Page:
Bunche 5240; x58276
Office Hrs: Tue & Th
History 197 /201
Explorations in Modern Indian History
Introduction: In the early 1980s, there emerged in India a 'school' of history that goes by the name of 'Subaltern Studies'; this 'school' has now gained a world-wide reputation, and 'Subaltern Studies' is beginning to make its influence felt in Latin American Studies, African Studies, 'cultural studies', and other arenas. Where previously the history of modern India, and particularly of the nationalist movement, was etched as a history of Indian 'elites', now this history is being construed primarily as a history of 'subaltern groups'. How are we to think about subalterns? Who and what are the 'subalterns', and how did this military term begin to be used as the center-piece of a body of work on resistance? We will begin with a consideration of the original problematic of subaltern histories and then ask how such histories can be written. What are the problems of writing such histories? 'Subaltern Studies', viewed as a collective enterprise, represents the most significant achievement of South Asian 'cultural studies'; it has effectively contested what were until recently the dominant interpretations of Indian history, and more generally it has provided a framework within which to contest the dominant modes of knowledge. However, subaltern history has not always had an easy relationship with feminism, and we will also interrogate the place of feminism within subaltern history. Feminist historiography, more than anything else, has brought questions of voice, agency, and resistance to the fore, and in this connection we will look at an oral history of women in the Telengana uprising, and some articles drawn from a recent anthology on constructions of womanhood and women in colonial India. The course will, in the final weeks, move to debates among subaltern historians, and a consideration of the argument that Subaltern Studies has been contaminated by post-modernism. Finally, we will ask: how do subaltern historians write histories of 'great men'? Does subaltern history condemn us to writing only of the history of this or that rebellion, this or that oppressed group? Are only fragmentary narratives possible, or is it possible to write a history of the nationalist movement as a whole, and if so, does that necessarily become a master narrative? The course will conclude with a discussion of Ashis Nandy's The Intimate Enemy, not a work belonging to the Subaltern School, but one of the most significant works on colonial India nonetheless; and we shall be interested particularly in attempting to locate it in relation to subaltern history.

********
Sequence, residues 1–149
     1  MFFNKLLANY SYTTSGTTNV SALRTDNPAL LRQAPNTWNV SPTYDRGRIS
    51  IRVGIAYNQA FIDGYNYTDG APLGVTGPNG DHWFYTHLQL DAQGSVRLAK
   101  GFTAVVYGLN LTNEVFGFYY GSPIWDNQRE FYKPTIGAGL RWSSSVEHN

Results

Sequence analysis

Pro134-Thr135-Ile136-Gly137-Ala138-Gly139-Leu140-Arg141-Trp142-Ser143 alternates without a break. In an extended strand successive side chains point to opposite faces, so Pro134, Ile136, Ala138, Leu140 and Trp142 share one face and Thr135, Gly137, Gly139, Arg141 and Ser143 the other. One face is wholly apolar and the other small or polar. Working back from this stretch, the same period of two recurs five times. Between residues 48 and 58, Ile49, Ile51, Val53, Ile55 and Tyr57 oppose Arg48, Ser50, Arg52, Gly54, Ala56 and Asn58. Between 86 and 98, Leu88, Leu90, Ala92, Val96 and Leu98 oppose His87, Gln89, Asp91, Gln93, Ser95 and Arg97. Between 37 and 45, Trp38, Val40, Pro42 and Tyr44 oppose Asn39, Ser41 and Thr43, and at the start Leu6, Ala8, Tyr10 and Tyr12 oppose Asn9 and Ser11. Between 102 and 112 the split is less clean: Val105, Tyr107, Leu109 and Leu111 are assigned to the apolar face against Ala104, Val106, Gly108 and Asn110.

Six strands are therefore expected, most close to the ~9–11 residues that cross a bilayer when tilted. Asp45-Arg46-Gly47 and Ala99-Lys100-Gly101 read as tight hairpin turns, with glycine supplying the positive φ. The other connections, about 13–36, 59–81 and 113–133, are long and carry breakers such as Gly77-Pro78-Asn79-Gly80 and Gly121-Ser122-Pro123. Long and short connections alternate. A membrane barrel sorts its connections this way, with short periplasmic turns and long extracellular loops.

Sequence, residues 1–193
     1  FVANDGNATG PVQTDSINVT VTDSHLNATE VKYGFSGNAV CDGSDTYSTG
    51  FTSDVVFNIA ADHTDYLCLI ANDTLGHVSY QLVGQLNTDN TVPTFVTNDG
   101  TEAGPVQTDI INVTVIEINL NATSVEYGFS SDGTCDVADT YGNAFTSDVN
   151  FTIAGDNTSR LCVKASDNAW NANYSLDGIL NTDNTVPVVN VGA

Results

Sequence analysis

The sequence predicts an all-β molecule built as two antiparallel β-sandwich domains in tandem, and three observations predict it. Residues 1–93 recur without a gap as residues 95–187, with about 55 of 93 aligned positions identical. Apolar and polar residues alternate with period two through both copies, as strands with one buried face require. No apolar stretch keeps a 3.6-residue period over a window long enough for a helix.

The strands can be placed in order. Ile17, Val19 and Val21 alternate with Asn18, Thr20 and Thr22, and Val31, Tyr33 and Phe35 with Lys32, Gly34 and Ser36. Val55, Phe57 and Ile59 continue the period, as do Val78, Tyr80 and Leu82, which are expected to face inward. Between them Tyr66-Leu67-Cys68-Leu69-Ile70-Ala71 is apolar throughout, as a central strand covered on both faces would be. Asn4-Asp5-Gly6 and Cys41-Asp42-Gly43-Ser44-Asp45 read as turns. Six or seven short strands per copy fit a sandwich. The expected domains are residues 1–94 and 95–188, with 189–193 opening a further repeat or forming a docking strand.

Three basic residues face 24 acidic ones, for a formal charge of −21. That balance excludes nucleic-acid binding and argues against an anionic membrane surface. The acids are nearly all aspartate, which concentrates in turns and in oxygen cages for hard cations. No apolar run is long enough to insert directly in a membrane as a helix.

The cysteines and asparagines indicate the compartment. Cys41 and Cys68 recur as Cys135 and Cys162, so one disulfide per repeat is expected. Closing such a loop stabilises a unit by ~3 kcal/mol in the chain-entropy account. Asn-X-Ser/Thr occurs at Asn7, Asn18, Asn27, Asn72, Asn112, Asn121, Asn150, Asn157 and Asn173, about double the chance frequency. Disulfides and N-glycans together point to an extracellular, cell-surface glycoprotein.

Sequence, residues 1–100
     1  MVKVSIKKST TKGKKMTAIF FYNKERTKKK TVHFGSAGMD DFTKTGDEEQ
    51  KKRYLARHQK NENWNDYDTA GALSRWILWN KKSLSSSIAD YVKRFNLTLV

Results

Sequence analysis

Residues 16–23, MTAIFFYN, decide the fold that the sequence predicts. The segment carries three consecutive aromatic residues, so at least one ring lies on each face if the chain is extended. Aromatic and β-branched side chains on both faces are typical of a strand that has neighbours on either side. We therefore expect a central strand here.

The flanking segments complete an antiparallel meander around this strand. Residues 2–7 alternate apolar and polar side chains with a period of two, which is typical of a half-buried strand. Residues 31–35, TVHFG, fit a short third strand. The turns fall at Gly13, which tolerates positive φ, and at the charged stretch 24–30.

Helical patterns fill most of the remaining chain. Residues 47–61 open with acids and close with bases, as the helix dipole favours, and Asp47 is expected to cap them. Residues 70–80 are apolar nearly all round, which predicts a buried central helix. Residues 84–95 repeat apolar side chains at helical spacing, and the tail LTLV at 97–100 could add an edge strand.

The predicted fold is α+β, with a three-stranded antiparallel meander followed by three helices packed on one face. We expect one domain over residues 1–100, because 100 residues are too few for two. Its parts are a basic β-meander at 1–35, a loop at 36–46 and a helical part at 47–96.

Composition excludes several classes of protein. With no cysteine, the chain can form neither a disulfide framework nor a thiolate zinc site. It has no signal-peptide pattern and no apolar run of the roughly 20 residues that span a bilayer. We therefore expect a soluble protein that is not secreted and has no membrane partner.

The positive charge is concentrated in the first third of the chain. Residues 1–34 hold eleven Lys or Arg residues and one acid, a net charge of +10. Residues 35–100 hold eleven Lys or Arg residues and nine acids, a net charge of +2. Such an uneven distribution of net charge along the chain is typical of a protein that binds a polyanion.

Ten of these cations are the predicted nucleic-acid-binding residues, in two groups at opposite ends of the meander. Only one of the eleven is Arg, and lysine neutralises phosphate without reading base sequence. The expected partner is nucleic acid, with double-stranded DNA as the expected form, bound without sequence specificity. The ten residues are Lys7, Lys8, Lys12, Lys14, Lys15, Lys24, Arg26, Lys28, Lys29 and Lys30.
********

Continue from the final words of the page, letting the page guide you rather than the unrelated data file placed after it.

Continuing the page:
Course material: All material on the syllabus will be placed on reserve in the college library. There will a reader for the course; any articles in the syllabus not found in the reader, or any one of the books ordered for you, will also be on 2-hour reserve. Items in the reader are indicated by a R in bold letters. The following books have been ordered at ASUCLA for your purchase (all Oxford books are Delhi, Oxford University Press, unless otherwise stated):
Shahid Amin, Event, Metaphor, Memory (Oxford and Princeton)
Dipesh Chakrabarty, ed., Subaltern Studies, Vol. VIII
Partha Chatterjee, Nationalist Thought & the Colonial World (Minnesota)
Partha Chatterjee & G. Pandey, eds., Subaltern Studies, Vol. VII (Oxford)
Ranajit Guha, Elementary Aspects of Peasant Insurgency (Oxford)
Ranajit Guha, ed., Subaltern Studies, Vol. V (Oxford)